The Big Bang Theory executive producer Chuck Lorre is just like every other American: politics are the only thing he can think about these days. His last two TBBT vanity cards — notes to viewers he inserts in the end credits of his shows — have been political. Last week he issued a warning about President Trump's fascist tendencies, and this week he mused on one of the primary architects of that authoritarian agenda, White House Chief Strategist Steve Bannon.

Lorre writes:

If the free press is the enemy of the people, and I'm part of the people, it would follow that Rachel Maddow is out to get me. Now I don't mean to diminish her intellect, which is considerable, but as enemies go, with that Ricky Nelson pompadour and big, goofy grin, she doesn't exactly strike terror in my heart. On the other hand, Little Stevie Van Breitbart, who I assume is a friend of the people and looks like he just woke up from a three-day bender, scares the $#!+ out of me.

Before joining the Trump campaign, Bannon was the chairman of Breitbart News, a right-wing website that recently made headlines when its most high-profile editor resigned after making controversial comments about pedophilia.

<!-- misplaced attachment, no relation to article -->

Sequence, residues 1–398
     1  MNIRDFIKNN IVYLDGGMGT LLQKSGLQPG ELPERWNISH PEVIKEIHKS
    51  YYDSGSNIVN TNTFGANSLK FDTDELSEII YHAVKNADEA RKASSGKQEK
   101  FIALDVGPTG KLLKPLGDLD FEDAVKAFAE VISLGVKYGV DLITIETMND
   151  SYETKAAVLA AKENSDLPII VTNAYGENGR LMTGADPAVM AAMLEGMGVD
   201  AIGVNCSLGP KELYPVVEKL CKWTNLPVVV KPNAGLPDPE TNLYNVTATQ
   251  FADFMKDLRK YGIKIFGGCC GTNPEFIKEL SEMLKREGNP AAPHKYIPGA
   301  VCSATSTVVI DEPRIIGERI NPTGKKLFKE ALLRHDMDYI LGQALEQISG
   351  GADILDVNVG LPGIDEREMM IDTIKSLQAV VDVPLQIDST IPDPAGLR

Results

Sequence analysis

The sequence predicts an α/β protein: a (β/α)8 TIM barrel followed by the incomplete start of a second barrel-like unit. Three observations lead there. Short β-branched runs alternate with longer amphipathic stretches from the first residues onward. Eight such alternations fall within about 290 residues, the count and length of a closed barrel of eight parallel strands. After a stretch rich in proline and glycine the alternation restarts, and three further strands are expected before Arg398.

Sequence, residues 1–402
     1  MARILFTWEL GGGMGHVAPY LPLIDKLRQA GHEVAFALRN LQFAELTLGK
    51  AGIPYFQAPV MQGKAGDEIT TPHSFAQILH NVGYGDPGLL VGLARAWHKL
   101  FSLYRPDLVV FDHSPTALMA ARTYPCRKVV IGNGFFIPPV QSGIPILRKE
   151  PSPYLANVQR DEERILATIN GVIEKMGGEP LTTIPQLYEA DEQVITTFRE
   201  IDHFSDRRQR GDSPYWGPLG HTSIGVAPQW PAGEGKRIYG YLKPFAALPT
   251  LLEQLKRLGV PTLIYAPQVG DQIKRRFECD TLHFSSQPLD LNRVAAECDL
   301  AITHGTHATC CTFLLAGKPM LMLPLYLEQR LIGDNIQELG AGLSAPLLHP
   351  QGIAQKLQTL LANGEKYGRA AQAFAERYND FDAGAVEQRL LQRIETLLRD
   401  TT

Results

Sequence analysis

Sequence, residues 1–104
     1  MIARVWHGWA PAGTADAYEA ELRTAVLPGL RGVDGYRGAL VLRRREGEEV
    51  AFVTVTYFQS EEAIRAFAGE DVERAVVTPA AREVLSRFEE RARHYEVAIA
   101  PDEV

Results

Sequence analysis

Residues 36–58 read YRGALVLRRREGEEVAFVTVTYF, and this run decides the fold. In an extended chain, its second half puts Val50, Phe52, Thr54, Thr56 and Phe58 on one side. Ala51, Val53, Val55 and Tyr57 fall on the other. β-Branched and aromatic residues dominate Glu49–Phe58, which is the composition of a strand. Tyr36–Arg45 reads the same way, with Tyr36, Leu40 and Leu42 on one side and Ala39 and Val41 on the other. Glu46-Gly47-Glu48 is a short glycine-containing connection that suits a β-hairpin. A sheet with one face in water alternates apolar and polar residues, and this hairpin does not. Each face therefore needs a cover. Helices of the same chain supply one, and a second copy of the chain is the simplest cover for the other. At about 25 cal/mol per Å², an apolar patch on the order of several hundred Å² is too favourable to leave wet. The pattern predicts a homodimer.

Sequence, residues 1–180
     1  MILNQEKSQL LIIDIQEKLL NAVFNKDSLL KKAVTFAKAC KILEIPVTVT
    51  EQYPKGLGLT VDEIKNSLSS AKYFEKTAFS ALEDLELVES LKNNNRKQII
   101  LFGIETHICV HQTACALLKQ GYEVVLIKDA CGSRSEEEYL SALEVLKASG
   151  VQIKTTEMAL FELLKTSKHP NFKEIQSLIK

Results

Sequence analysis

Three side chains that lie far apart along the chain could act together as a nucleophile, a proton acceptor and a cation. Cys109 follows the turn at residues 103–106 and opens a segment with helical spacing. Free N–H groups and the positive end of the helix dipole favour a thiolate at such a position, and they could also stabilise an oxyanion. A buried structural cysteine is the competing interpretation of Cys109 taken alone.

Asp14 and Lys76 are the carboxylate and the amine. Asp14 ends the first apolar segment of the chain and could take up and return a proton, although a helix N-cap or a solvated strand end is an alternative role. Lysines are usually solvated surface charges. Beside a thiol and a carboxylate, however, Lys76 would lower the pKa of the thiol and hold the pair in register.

Chuck Lorre and Steve BannonChuck Lorre and Steve Bannon

Trump has echoed Bannon's belief that the mainstream media is the administration's "opposition party," since the media reports things that Trump and Bannon don't want them to... Which Trump then decries as "fake news." Yesterday Bannon said that the relationship between the White House and the media is "not only not going to get better, it's going to get worse — every day."

One of the many things Lorre is probably frightened by is Bannon's anti-Semitism. Under Bannon, Breitbart became a hotbed of anti-Semitic language, according to the Southern Poverty Law Center.

Bannon and Lorre do have one thing in common — they've gotten very rich from sitcoms. In 1993, while working as an investment banker, Bannon's company brokered a deal between Ted Turner and Castle Rock Entertainment. Bannon & Co.'s compensation was a financial stake in a few Castle Rock shows. One of them was Seinfeld, which has since made $3.1 billion dollars in syndication, therefore earning millions for Bannon.

Lorre says he isn't afraid of liberal commentator Rachel Maddow, but he will be when she becomes President Elizabeth Warren's Chief of Wealth Redistribution (that's a joke).

The Big Bang Theory airs Thursdays at 8/7c on CBS.

(Full disclosure: TVGuide.com is owned by CBS.)